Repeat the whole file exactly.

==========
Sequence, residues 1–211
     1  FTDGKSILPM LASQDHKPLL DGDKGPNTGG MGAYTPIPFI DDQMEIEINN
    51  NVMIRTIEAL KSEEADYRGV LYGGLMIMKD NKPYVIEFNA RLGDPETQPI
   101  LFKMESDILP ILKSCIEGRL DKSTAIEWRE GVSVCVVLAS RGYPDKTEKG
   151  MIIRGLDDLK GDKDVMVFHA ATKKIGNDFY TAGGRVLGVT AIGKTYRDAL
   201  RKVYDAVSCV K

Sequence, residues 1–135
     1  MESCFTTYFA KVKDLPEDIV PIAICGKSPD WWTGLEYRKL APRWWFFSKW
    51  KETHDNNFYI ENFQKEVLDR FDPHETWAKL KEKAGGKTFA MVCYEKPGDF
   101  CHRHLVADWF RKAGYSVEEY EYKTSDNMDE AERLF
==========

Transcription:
Sequence, residues 1–211
     1  FTDGKSILPM LASQDHKPLL DGDKGPNTGG MGAYTPIPFI DDQMEIEINN
    51  NVMIRTIEAL KSEEADYRGV LYGGLMIMKD NKPYVIEFNA RLGDPETQPI
   101  LFKMESDILP ILKSCIEGRL DKSTAIEWRE GVSVCVVLAS RGYPDKTEKG
   151  MIIRGLDDLK GDKDVMVFHA ATKKIGNDFY TAGGRVLGVT AIGKTYRDAL
   201  RKVYDAVSCV K

Sequence, residues 1–135
     1  MESCFTTYFA KVKDLPEDIV PIAICGKSPD WWTGLEYRKL APRWWFFSKW
    51  KETHDNNFYI ENFQKEVLDR FDPHETWAKL KEKAGGKTFA MVCYEKPGDF
   101  CHRHLVADWF RKAGYSVEEY EYKTSDNMDE AERLF